Next interview went better. I bumped into a candidate whom I knew from the first ?assessment? process. They applied for SCITT and got an offer. I?m sure they are great ? but they are still at university with little school experience which seemed at odds to me. On this day I felt my interview and written exercise went really well, aided by the fact I was asked to explain my background in detail because they could not understand the UCAS form. However, this interview process did not involve me teaching in a classroom or meeting students. I was left in the staffroom for a while and teachers there told me of mixed experiences with different training providers - one of which was that from the first shambolic ?assessment? process. They said they were very ?hands on? (gestured to mean micro-managers) so they obviously wanted someone compliant and malleable ? not heartening to hear. I thought I did well but I was rejected here too. I got a phone call and I said ?That?s a shame. What did the other candidate have that I didn?t have and how can I improve?? ?You were um?too?we didn?t feel you would fit into our school?. ?What do you mean?? I asked. ?How can I improve?? ?You were exuberant? he said. ?Okay, how can I improve?? ?You answered the questions very well and your experience and credentials are excellent. I?m not sure you can improve. You may be suitable for another school?. They went for one of the SCITT candidates as I was the only SDS candidate there. It is possible I spoke too much and that I was too enthusiastic. Sure. I take that on board, and will tone myself down if I get anymore interviews. Nevertheless, I had the most experience and credentials and answered the questions well. Yet they didn?t hire me because they didn?t like me. Did they put me in front of children once? No. Did they read my reference where I?ve been observed teaching? This interviewer did the former did not. Did they actually give me a lesson plan to analyse or devise? No. Not once has either process incorporated these things and aren?t these the skills I need to develop? How I present, interview and engage with adults is different to how I engage with students ? you?d hope so, no?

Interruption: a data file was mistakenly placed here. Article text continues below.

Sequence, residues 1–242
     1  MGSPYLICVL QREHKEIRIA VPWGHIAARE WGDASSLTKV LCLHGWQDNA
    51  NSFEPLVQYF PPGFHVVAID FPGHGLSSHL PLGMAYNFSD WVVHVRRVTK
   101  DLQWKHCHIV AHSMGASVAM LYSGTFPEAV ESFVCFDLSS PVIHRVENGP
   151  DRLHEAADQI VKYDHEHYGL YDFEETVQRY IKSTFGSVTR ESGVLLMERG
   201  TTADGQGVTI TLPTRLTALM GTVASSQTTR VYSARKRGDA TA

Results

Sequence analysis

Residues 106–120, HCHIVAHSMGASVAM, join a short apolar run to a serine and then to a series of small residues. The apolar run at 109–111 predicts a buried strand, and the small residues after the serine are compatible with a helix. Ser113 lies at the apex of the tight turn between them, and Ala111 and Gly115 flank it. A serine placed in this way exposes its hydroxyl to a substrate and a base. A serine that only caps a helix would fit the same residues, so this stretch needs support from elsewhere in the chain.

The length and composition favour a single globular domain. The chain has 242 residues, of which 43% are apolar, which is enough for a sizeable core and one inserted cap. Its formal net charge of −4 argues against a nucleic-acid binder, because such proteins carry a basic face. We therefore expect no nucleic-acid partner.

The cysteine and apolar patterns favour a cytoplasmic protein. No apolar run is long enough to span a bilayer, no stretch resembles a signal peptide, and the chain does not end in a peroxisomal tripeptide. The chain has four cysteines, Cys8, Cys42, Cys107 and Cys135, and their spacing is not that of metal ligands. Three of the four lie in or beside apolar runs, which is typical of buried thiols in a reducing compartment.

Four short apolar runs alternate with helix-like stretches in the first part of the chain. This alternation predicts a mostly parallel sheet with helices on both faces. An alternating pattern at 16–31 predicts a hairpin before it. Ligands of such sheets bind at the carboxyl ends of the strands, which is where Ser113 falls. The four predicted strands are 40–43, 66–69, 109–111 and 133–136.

Now I must wait on my third choice which has until February to ?time out? before I?m stuck with ?one at a time? applications. By then who knows which schools will even have an SDS place available. I asked Essex ITT who reckoned there were fewer SDS places available for 2014-15 entry.

    Therefore, I cannot be sure from these experiences if;

    1. Schools have internal candidates earmarked for posts and are just ticking the boxes wrt the ?interview? process. Or if,

    2. SDS is a scam and schools would rather take a SCITT/ fee paying student instead of paying for someone out of their own coffers. Or if,

    3. There are so many candidates it is not about your abilities, skills and passion for education ? it?s about if your face fits and if they like you.

    I do not write this out of resentment or as a desire to craft rumours. I am passionate about what I do (I already teach but can?t train at that institution as they don?t train there). I intend to secure a training place at a school and am genuinely wondering if selecting SDS was the right thing to do? Would I get an offer if I had selected SD or SCITT? I wanted to get started straight away with a timetable, but am wondering if I made a mistake? Has anyone else had similar experiences as me?